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Under President Trump, states have been given more flexibility in terms of how they run their healthcare programs, specifically Medicaid. However, a recent speech by Seema Verma, the CMS Administrator, at the American Hospital Association Annual Membership Meeting marked one of the first instances where the current administration has declined a state’s proposed change to Medicaid.
Kansas Proposes Lifetime Medicaid Limit
On December 20, 2017, Jon Hamdorf, the Medicaid Director for the state of Kansas submitted a request to the Department of Health and Human Services titled “KanCare.” The proposal requested Kansas be allowed implement work requirements for Medicaid beneficiaries, along with a lifetime limit on Medicaid benefits which would total 3 years. On Monday, May 7, 2018, the request for Medicaid lifetime limits was denied, but the work requirements are still under review.
While the Trump administration has been advocating for states to create community engagement and pathways out of poverty, the KanCare proposal wasn’t viewed as a “meaningful incentive.” The news did not come as a shock as Kansas Governor Jeff Colyer was already informed of the decision earlier in the year, and chose to stop pursuing lifetime Medicaid limits in April. Colyer released the following statement:
”While we will not be moving forward with lifetime caps, we are pleased that the Administration has been supportive of our efforts to include a work requirement in the Medicaid waiver.”
Medicaid work requirements have already been approved for Arkansas, Kentucky, Indiana, and most recently New Hampshire. However, each of the four states have expanded Medicaid under the Affordable Care Act, meaning more low-income residents are eligible for the state sponsored health insurance program. The few other states who have requested Medicaid work requirements who haven’t expanded Medicaid, including Kansas, and are still waiting to hear back from the CMS.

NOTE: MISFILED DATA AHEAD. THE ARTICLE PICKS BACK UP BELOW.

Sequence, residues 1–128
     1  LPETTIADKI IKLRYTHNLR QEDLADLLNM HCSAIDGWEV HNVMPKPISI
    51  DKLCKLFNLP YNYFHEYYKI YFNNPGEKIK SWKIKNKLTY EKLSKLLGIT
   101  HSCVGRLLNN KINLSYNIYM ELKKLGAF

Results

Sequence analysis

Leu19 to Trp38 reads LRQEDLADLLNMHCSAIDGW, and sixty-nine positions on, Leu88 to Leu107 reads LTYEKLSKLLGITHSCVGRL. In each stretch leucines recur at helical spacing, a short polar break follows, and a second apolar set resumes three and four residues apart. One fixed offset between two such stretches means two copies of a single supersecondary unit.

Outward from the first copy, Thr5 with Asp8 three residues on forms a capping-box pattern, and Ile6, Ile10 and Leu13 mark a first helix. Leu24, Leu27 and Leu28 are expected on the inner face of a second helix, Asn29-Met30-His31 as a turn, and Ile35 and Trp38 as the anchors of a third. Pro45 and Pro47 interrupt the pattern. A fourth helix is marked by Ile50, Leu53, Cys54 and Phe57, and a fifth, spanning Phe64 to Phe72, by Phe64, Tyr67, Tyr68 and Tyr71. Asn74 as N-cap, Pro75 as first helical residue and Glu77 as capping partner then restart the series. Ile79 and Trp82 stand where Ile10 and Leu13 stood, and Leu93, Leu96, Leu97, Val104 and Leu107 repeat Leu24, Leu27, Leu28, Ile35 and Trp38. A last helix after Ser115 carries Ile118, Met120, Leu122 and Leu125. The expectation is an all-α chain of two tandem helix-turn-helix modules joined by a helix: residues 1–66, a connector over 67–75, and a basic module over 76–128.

What Does It Mean For The Future Of Medicaid
The ruling made by Verma may have come as a surprise to some, but it further proves that the goal of President Trump and his administration isn’t just to cut healthcare costs, but to help low-income Americans. The Medicaid lifetime limit doesn’t provide the same incentives as work requirements do, and therefore, would not be helping to create a pathway out of poverty. Verma concluded her Monday speech with the following:
“We are also determined to make sure that the Medicaid program remains a safety net for those that need it most. To this end, we have determined that we will not approve Kansas’s recent request to place a lifetime limit on Medicaid benefits for some beneficiaries. We seek to create a pathway out of poverty, but we also understand that people’s circumstances change, and we must ensure that our programs are sustainable and available to them when they need and qualify for them.”
The new approach to Medicaid and government healthcare programs may be controversial, but they will ultimately give struggling Americans the tools and incentives they need to create a better future.